Public Debate: Opposing Interests at Stake

The European Court of Human Rights has addressed the matter of public debate from different perspectives. First, it has carefully made a distinction between the treatment due to public figures and that which must be ensured to private individuals. In Lingens v. Austria, a journalist was prosecuted for slander for publishing strong criticism against the leader of a political party who had served the Nazi party during the Second World War. The European Court, taking its ideas from the U.S. doctrine concerning the importance of promoting public debate, stated that there had been a breach of Article 10 of the ECHR, as “the limits of acceptable criticism are accordingly wider as regards a politician as such than as regards a private individual. Unlike the latter, the former, inevitably and knowingly, lays himself open to close scrutiny of his every word and deed by both journalists and the public at large, and he must, consequently, display a greater degree of tolerance.” Moreover, the Court has observed that the limits of permissible criticism against the government are even greater, because of its dominant position.

Private individuals, however, are entitled to receive greater protection against criticism. The Court has further affirmed that Article 10 is applicable not only to ideas or information that are favorably received, but also to those that offend, shock, and disturb. Such are the demands of a “democratic society.” In Sener v. Turkey, the applicant was convicted of disseminating propaganda concerning the Kurdish minority through the review of which she was the editor. The Court concluded that there was a breach of Article 10, because it is incumbent on the press “to impart information and ideas on political issues, including divisive ones.” The same kind of reasoning was adopted recently in Association Ekin v. France, in which the applicant complained of the fact that the book his association had published, Euskadi at War, which gave account of some aspects of the Basque cause, had been banned in France. The European Court considered that the content of the book did not justify such a serious interference of the applicant’s freedom of expression, and declared that there had been, therefore, a violation of Article 10.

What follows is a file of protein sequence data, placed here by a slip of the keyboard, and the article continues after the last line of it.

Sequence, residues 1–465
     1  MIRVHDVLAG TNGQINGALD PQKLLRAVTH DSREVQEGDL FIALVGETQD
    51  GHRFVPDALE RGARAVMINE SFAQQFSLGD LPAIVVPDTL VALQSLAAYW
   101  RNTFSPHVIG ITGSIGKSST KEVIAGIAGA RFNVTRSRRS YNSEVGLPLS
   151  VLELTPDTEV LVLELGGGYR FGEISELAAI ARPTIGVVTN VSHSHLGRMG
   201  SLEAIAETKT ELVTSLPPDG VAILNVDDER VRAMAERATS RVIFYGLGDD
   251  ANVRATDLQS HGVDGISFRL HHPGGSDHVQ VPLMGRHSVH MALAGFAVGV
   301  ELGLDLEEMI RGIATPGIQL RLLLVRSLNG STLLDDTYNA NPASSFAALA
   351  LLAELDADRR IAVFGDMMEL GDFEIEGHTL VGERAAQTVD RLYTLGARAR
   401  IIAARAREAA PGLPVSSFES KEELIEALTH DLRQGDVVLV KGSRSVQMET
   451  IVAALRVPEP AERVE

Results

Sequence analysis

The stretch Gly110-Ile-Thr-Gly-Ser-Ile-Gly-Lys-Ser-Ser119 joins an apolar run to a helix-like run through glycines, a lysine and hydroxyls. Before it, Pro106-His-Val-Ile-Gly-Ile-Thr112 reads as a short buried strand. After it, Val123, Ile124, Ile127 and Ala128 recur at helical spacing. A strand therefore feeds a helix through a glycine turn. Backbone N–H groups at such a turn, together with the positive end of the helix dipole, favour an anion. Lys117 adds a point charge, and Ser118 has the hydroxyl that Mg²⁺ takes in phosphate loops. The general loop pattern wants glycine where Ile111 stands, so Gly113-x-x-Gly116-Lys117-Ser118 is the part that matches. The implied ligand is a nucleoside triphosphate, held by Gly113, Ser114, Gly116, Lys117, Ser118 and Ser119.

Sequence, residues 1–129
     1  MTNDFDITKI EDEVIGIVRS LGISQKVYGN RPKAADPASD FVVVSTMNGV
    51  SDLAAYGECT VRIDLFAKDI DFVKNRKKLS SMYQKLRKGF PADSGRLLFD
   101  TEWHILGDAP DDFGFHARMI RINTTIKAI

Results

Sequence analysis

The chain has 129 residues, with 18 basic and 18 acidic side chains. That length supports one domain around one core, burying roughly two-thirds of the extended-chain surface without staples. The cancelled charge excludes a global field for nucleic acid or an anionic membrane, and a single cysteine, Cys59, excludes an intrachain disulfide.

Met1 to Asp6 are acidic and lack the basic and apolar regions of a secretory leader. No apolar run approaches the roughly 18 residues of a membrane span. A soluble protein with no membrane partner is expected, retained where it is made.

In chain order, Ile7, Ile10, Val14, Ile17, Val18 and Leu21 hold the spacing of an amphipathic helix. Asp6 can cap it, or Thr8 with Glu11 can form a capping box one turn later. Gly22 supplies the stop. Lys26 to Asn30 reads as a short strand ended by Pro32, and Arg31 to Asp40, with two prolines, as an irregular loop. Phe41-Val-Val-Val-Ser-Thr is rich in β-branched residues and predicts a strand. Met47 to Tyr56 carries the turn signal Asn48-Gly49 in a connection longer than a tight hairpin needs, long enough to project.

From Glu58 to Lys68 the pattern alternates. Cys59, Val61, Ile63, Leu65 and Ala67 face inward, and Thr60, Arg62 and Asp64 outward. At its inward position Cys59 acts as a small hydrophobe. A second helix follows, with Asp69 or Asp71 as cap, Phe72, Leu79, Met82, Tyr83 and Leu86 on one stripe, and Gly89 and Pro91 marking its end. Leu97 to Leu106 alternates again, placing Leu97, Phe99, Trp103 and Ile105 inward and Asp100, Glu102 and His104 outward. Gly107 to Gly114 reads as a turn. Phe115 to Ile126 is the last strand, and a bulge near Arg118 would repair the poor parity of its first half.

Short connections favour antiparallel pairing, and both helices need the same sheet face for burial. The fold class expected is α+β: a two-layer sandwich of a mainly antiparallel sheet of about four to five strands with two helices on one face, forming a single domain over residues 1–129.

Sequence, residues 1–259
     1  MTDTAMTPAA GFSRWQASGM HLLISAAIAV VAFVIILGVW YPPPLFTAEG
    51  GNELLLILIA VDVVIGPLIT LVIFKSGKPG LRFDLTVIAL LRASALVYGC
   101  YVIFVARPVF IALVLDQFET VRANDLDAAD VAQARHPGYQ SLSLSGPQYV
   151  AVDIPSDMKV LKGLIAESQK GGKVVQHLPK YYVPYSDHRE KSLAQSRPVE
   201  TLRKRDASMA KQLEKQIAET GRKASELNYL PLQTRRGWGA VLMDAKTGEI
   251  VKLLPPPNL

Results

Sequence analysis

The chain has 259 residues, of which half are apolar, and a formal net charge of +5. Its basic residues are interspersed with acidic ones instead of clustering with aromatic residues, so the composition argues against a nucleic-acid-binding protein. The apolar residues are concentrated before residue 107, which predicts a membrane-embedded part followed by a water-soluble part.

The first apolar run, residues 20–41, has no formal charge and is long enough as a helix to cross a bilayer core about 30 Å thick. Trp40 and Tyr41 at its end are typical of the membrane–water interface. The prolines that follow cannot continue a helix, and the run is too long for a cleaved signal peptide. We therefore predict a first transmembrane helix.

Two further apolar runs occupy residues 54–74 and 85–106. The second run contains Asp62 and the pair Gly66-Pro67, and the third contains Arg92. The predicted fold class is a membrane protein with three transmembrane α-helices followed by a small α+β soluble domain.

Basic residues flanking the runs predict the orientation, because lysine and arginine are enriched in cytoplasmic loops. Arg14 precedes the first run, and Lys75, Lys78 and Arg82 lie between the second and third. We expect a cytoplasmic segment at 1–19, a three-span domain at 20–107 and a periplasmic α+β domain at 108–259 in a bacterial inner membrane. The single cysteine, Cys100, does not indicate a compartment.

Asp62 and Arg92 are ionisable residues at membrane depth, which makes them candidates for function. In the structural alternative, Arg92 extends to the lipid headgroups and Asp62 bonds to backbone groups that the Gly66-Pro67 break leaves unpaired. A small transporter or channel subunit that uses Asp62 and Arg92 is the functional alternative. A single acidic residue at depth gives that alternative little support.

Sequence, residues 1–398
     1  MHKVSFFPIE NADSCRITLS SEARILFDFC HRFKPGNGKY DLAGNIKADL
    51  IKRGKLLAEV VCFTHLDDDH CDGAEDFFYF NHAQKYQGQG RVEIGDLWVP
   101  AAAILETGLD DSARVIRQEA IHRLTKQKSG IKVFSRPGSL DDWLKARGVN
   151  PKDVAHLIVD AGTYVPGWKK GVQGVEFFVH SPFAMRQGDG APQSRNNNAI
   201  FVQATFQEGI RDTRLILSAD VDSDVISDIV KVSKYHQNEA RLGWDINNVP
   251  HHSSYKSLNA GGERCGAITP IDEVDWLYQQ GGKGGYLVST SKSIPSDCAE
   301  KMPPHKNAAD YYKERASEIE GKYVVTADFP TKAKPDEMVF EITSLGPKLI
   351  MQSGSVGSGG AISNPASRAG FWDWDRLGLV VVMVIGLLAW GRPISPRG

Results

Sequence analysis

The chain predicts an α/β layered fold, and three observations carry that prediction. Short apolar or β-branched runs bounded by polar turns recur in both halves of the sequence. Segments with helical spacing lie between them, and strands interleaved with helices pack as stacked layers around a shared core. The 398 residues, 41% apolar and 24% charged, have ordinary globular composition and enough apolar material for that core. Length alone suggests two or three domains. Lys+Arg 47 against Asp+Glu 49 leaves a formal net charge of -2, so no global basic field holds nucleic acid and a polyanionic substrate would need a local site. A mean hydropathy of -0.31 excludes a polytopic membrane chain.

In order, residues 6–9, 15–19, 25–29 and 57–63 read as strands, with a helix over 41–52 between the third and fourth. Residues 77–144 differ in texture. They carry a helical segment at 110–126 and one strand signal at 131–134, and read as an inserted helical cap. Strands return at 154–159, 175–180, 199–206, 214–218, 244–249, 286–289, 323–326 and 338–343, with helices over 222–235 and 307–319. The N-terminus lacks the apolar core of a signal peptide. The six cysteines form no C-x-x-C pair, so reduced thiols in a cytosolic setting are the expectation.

The Inter-American Commission has also dealt with the matter of possible criticism of public figures. In Verbitsky v. Argentina, a journalist was sentenced to one month in prison for calling the national Supreme Court “asqueroso,” or “disgusting.” The Commission declared the case admissible and affirmed that public authorities must accept wider criticism than private individuals. The Commission did not reach a final report on the merits, however, because a friendly settlement was agreed upon between the parties.

The Inter-American Court arrived at a final judgment in Ivcher Bronstein v. Peru, highlighting the different means that may be used in order to avoid and unlawfully limit freedom of expression. In this case, a naturalized Peruvian citizen owned a television company that presented strong criticism against President Fujimori and the rest of the members of the Peruvian government. As the law required that only nationals could own such a company, the applicant was deprived of his nationality with the sole intention of restricting his freedom of expression so the government could avoid the strong criticism. The Inter-American Court concluded that the Peruvian government was responsible for a violation of Article 13 of the ACHR. Both the Court and the Commission have thus underlined the fact that public authorities are open to criticism by citizens and the right to freedom of expression is to be encouraged because of its role in the promotion of free debate.


Hate Speech: Lessons from the United States?